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JCLA Autumn 42.2 Book Review

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Review of 'The Goddess in Hindu-Tantric Traditions: Devi as Corpse' by Anway Mukhopadhyay (Routledge, 2018)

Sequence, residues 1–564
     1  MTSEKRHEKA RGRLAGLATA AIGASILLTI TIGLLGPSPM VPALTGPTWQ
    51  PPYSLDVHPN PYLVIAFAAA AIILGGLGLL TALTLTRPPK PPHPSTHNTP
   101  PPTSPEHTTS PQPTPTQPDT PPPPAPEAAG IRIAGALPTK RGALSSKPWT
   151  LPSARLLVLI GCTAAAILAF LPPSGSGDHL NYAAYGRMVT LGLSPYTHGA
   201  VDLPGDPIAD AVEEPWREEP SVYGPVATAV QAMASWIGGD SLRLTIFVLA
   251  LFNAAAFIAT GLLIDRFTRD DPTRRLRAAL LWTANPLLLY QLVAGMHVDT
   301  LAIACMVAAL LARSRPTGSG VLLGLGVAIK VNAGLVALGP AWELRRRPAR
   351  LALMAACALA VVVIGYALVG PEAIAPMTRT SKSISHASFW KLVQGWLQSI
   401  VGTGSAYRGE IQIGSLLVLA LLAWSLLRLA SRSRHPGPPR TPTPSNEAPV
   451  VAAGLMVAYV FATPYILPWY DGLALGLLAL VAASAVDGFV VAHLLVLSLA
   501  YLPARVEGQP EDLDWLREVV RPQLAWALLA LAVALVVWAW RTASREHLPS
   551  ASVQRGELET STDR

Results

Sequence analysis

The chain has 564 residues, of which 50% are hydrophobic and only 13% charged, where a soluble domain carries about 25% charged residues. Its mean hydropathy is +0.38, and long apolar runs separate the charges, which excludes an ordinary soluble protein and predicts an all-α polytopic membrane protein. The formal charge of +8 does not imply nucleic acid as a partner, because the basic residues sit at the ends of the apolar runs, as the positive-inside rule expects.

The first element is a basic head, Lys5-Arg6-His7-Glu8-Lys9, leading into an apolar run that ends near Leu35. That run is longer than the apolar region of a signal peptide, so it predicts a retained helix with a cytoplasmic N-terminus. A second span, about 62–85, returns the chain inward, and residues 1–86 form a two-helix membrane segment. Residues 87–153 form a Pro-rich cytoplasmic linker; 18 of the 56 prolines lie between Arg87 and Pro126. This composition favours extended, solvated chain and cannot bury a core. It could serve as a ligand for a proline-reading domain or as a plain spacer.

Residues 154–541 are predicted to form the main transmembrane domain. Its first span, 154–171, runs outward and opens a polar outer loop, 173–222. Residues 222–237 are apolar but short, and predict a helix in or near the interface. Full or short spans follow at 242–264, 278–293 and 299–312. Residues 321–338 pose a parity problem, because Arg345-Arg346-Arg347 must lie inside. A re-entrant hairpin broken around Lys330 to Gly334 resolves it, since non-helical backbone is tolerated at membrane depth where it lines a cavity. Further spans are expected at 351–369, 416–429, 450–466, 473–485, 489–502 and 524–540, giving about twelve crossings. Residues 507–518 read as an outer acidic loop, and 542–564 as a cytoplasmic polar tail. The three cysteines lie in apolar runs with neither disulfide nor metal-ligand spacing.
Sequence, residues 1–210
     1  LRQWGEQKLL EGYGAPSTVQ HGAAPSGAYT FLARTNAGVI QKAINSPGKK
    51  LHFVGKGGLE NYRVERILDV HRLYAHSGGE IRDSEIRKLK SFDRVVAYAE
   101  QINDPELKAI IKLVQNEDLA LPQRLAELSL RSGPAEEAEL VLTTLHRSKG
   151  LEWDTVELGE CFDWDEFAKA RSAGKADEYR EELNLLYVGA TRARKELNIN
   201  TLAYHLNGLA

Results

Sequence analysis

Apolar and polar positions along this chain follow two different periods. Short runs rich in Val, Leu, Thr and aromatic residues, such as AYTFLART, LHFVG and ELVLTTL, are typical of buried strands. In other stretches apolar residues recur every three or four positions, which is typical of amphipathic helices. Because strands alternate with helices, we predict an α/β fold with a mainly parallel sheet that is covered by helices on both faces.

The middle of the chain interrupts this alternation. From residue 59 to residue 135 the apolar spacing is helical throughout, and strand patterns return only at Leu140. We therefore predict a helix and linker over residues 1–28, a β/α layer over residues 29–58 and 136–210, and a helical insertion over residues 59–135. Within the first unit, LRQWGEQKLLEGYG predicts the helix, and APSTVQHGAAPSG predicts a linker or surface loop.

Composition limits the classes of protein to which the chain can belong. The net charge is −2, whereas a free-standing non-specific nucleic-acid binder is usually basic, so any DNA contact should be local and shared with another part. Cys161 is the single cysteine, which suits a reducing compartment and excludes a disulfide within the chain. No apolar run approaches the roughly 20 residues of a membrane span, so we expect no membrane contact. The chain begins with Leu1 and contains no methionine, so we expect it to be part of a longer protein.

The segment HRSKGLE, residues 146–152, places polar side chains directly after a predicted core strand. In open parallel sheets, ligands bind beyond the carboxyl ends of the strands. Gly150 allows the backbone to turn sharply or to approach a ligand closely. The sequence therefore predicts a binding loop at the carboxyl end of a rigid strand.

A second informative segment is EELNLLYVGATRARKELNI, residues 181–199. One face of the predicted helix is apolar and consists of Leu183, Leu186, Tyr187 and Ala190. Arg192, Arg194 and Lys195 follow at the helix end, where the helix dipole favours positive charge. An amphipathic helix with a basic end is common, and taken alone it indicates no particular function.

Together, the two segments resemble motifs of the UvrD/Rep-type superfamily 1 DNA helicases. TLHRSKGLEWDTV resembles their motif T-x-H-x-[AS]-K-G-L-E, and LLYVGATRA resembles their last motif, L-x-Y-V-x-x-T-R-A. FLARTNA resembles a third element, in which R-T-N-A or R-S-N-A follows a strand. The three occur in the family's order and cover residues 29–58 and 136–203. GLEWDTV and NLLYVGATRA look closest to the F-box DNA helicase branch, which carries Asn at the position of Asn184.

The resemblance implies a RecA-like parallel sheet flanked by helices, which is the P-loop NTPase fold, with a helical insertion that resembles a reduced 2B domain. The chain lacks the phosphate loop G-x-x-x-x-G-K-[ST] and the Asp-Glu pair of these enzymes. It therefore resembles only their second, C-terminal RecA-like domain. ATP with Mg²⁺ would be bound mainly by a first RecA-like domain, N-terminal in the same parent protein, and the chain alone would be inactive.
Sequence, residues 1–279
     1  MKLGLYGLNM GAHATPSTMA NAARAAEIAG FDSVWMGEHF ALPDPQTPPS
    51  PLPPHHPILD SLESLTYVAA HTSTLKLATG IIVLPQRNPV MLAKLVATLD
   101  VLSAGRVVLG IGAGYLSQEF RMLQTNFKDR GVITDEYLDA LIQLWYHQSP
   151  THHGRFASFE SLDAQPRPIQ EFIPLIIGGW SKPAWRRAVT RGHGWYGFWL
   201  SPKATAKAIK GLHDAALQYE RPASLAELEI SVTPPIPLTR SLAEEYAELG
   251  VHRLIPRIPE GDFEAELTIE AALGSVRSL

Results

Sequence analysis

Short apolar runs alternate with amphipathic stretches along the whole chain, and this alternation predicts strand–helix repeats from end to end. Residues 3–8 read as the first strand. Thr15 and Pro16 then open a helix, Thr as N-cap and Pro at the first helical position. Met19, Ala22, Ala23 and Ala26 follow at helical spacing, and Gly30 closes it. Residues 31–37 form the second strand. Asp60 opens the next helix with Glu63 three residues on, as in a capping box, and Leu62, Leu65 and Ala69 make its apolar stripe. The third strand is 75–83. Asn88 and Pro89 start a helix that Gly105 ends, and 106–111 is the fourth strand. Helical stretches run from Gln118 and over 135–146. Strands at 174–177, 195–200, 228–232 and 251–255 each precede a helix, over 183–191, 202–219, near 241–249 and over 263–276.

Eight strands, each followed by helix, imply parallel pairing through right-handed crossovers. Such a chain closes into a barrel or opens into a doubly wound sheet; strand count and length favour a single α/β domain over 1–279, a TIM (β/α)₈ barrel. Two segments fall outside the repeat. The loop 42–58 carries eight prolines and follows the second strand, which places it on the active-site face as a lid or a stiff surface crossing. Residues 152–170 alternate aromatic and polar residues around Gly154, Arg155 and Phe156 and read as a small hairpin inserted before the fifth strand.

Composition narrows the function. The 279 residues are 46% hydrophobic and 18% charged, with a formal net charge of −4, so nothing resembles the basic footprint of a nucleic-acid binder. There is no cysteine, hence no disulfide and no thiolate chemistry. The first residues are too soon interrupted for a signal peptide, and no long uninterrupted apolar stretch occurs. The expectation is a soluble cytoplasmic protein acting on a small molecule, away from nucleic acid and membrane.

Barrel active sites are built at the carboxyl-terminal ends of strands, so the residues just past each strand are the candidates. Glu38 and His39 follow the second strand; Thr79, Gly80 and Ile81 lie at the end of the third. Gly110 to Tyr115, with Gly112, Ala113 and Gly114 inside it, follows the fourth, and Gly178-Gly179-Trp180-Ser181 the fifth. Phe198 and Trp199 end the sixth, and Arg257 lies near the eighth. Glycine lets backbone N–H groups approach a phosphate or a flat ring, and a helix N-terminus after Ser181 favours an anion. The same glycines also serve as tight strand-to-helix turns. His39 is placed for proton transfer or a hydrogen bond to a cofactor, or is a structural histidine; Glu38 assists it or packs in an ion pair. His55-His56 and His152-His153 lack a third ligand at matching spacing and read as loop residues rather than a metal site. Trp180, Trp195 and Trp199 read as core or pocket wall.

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  218  / JOURNAL OF COMPARATIVE LITERATURE AND AESTHETICSfunctions much more explicit and clear in comparison with its previous stages in historicalphilosophical thought (aesthetics of Antiquity, Middle Ages, Renaissance, and Modern age) butwe also should regard it as a regulating factor. We shall not forget the subtle mode in whichaesthetics is capable of suggesting the right aesthetic values and ideas needed in society but atthe same time both political and economic ideologies and interests can exploit the very definitionand apprehension of what is “right” and what is “needed”.The fluid and changeable objects of psychological perception, as well as the lack of a certainperceiver and recipient subjectivity within aesthetic phenomena itself, create new challenges forboth psychology and aesthetics.Aesthetic and psychological judgment becomes very relative especially while perceiving andconceiving the works of incorporeal, intangible art and their pledge. Sometimes it is difficult todefine an art effect as a meaning, image, or experience.Despite the claims of post-psychologismof contemporary art, the very possibility of a discourse on art that does not contain the subject’spsychology tends to zero. It is impossible to psychologically exclude the subject from the field of art, respectively aesthetics, and aesthetic experience in its broadest sense.Contemporary art forms deconstruct traditional concepts of artwork. The subject is no longera frozen, solid, complete, definite construct, but is fluid, indeterminate, variable, relative, as amatter of interpretation and a point of view. Post-psychological models of art move from objectarrangement to activity engagement, from passive perception to participation.Aesthetics today takes on a new meaning in its common efforts with psychology, psychoanalysisand psycho-social practices as a guide for man in a world of decaying values, who lacks the valuecompass which was once a sure thing, denied in its absoluteness, a world of pluralism and fast-changing fashions, where there are no clear criteria and definitions for distinguishing life fromart, fiction from reality. In this sense, there are a lot of New Melodies still unrevealed and waitingto be discovered and developed, and the collection has made a decisive step to provoke furtheractions among the aestheticians and psychologists. NIKOLINA DELEVA  National Academy of Theatre and Film Arts, Bulgaria THE GODDESS IN HINDU-TANTRIC TRADITIONS: DEVI AS CORPSE. By AnwayMukhopadhyay. London and New York: Routledge. 2018. 164 p.By a meticulous examination of   Ś ä kta-T ä ntric texts, Mukhopadhyay’s book manages to deliverexactly what the subtitle reads—Dev é  as corpse. The appendices attached, which contain theoutline of   Mah ä  bh ä  gavata Upapur ä na , Brihaddharmapur äë  a  and  Annad ä  Mangal  (texts that hemaintains are grossly neglected in the Sati- Ś iva myth), provide a glimpse into the extensive researchthe author has taken up. In The human death, the divine corpse , the author delves into the conceptof the corpse and by extension, the difference between the dead body and the living one. TheS ä mkhya philosophy of Puru ñ a and Prak å t é  is broken down by introducing the element of energy(a separate category) that allows the passive Purusha to see and the inert Prak å t é  to dance.  Ś akti,thus, is presented as the “mediatrix between consciousness and matter” (8), existing as much in  Journal of Comparative Literature and Aesthetics  Vol. 42, No. 2 (218-220)© 2019 byVISHVANATHA KAVIRAJA INSTITUTE  / 219 the corpse as in the living body. He introduces the Sati- Ś iva myth, its various versions and theproblems they pose to the  Ś ä kta-T ä ntric texts. The problems including the nature of Sati’sembodiment, Sati-Shadow as fiction, the nature of Sati’s agency/passivity and dismembermentleading to the plural energy-self accompanied by  Ś iva’s self expansion, excessive sexualisation of the dismembered body parts and the erotic-spiritual nature of   Ś iva’s love in general, are exploredin detail in the next two chapters.Using Biernacki and Shaw as preliminary points for his research, Mukhopadhyay’s concern inhis next chapter,  Reinterpreting the myth of Sati: the devoted husband and the corpse of his wife , isthat the  Ś iva- Ś akti myth is not studied in its entirety and that the exclusion of “the Kamakhyacentric narratives of the myth and the tantric discourses of the Sati  pithas ” may encourage“fallacious generalizations” (31). His observation of Spivak’s resistance to admitting any proto-feminist elements to the Sati myth establishes his argument: there is no mention of the worksthat posit Sati as ‘Absolute’. By the inclusion of Kashmir Shaivism, the author’s analysis stands asmore wholesome and encompassing. The concept of  Svatantrya  Ś   akti linked to the Divine Feminineis used expertly to advance the idea of Sati as the free and Absolute power.  Annad ä  Mangal   is alsoconsulted to demonstrate how   Ś iva understands Sati as the World Mother and, that the corpse isas much Sati as the  Divine Mother . Focusing on the embodied Sati, the author essentially cancelsSpivak’s remark of “sanctioned suicide” (37), settling the Sati-Shadow Sati debate with flair. Infact, his painstaking research has unearthed vital textual evidence, that of Neela BhattacharyaSaxena’s, which points out how Shiva himself forbids widow immolation.The author is efficient at dethroning Sati from the homogenous, subaltern status that Spivakhas attempted to assign her and instead, poses a fundamental question- problem: Are we ready tosee Sati “as the emblem of the “feminism of classical Hinduism”” (38)? Looking at  Mah ä  bh ä  gavata ,he also emphasizes that Sati is not  pativrat ä  but instead, a paradox of power that is uncontrollableand at the same time, in control. He mentions a string of actions wherein Sati is not a passiveobservant but a force that acts, whether it is by choosing to enter Shiva’s life or ascending thepyre as an “embodied wife”. Mukhopadhyay comes back to the connection between the corpseand the self, something that can never be separated completely. Sati’s case is that of a perpetualphysical presence as, unlike a corpse, her body has not been burnt but scattered. This physicalpresence creates a perpetuated existence that is loved and preserved in memory. But that is notall, the Sati  pithas  become concrete evidence of Sati’s self-assertion, as opposed to the reiteratedimage of Sati as an ideal wife ascending the pyre. The  sthals , then, become a sight for celebratingthe agency of Sati, not the subdued sacrifice of a wife. In  Dismemberment as pluralization , theauthor talks of the two aspects of the dismembered trope. The liberatory one, which focuses onthe unbounded body destabilizing not only the image of the body but that of social order givingway to a “horizontal cartography”, places Sati as the “deathless Mother of the Universe”.The second trope is of dismemberment as pluralisation, which does not view dismembermentas fragmentation but as pluralisation of Sati accompanied by the self-expansion of   Ś iva. Thecorporeal divide between Sati and  Ś iva gives way to the arrival of Parvati and instead of closure,the narrative of Sati  pithas  continues the story in a loop like structure. This narrative presents  Ś ivain a new light: temporally situated/meditative  Ś iva as well as a passionate  Ś iva frozen in time inhis pluralistic form, expanding himself to preserve a love that is erotic as well as spiritual. Althoughthe  Ś akti Pithas focus on dismemberment, they celebrate the holiness of the dismembered partsas well and the union of the plural-selves of Sati and  Ś iva.In The Shakti Pithas , the author points out that the Devi’s energy, unlike Shiva’s, continues tobe her essence both in life and in death (which he refers to as “Devi-as-corpse” (72)). Citing ananecdote from Bharatchandra’s  Annad ä  Mangal  and the Brihaddharmapur äë  a  on how the linga-  220  / JOURNAL OF COMPARATIVE LITERATURE AND AESTHETICSyoni myth was created in the first place, he interprets it as “prefiguring the active corpse of Sati,and how pivotal a role it plays in our understanding of the larger philosophy of Puru ñ a and Prak å ti.Philosophically speaking, the spirituo-moral examination that the Devi undertakes and the choicethat she settles, for invites a broader opinion – deification (the balance struck between theindividual deity and the public avowal of his/her accomplishment), under all circumstances, is apositively inclined struggle, rather than a settled fact between deitizing   (continuous assertion of the entity that the deity is ) and deitification  (the objective approval or acceptance of the deity’sright to evolve into higher virtues of the same form). 1 As the author demonstrates in Spinozean terminology later in the chapter, the energy-entity of Sati’s corpse stands for the simultaneous existence of  natura naturata (the permanent, createdcharacteristic of nature) and natura naturans  (incremental naturing of the nature that will be),thus justifying their coterminous being (76). In response to Wendy Doniger O’Flaherty’scomment on the linga-yoni myth, Mukhopadhyay charts two inconsistencies in her criticismthat I find admirable: first, the “erotic motif” can be understood as a trope that “successfullyproblematizes the epistemologies (I think cosmologies is a more accurate word here) of life anddeath, as the corpse-turned-yoni may represent not just the “strong tie between life and death”but also the porous border between death and life” (73), and second: while Sati may or may not bea subject of “erotic death”, her corpse that is capable of being a  yoni  can continue symbolizing acorpse while being able to “emerge as a birth-giver” (73). As the clarification follows immediatelyafter, her body, from a philosophical perspective, is always existent  (75). This assertion is furtheredwhen Mukhopadhyay re-reads Rana P. B. Singh’s unidimensional understanding of   Ś akti pithas byremarking that each of the 51 piths are in fact a “microcosmic manifestation of Her” (80-81),instead of being representative of partial wholeness. This is carried forward into Shava S ä dhan ä where the linga-yoni complex interpenetrates into the larger philosophical domain of Puru ñ a,Prak å ti and Pralaya (86), and that the yoni is “the active womb that has an agential role to play inthe emergence of the linga  and not otherwise. While applauding June McDaniel’s assessment of the relationship between the S ä dhaka , theDevi and the Corpse, Mukhopadhyay finds it behovely to mention that her study overlooks amongother things some important aspects of religion: the  sui generis  status of Hinduism in itsinterpretation of death and the soul, and that the Devi’s powers “should not be seen as an externalintervention but rather as an internal reorganization of Shakti” (92). The myth of the Sati pithas,through Sri Aurobindo, foregrounds a “theo-aesthetics of fragmentation” (100), where Prak å tiwillingly sacrifices her being so that “unenlightened beings”, through the practice itself, can upliftthemselves spiritually. In perhaps the most poetical line recorded in this book, the author putsforth the penultimate argument of his thesis: “Nature is both the womb and tomb, the motion of life and the stasis of death, the continuum of living and dying beings” (104). To sum up, if thereader can willingly ignore all the Sanskrit diacritical marks missing in the book and a few printingerrors (pp. 77, 100, etc.), it is most definitely a must-read for academic scholars worldwide. ANKITA SUNDRIYAL  EFL University Notes 1  That Shiva wins the prize for true devotion is an act of defiance against the implied covenants of aesthetics.In the words of P. B. Shelley: To suffer woes which Hope thinks infinite/ To forgive wrongs darker than deathor night/ To defy power, which seems omnipotent/ To love, and bear; to hope till Hope creates/ From its ownwreck the thing it contemplates. ( Prometheus Unbound , IV: 570-74) SHOUVIK NARAYAN HORE Vidyasagar University